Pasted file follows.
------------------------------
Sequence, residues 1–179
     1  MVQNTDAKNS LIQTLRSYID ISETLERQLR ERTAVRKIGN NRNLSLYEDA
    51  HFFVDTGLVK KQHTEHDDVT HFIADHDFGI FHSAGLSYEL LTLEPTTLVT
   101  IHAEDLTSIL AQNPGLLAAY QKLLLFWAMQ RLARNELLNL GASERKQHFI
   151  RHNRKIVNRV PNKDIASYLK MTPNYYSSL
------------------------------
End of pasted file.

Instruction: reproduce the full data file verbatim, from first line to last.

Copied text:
Sequence, residues 1–179
     1  MVQNTDAKNS LIQTLRSYID ISETLERQLR ERTAVRKIGN NRNLSLYEDA
    51  HFFVDTGLVK KQHTEHDDVT HFIADHDFGI FHSAGLSYEL LTLEPTTLVT
   101  IHAEDLTSIL AQNPGLLAAY QKLLLFWAMQ RLARNELLNL GASERKQHFI
   151  RHNRKIVNRV PNKDIASYLK MTPNYYSSL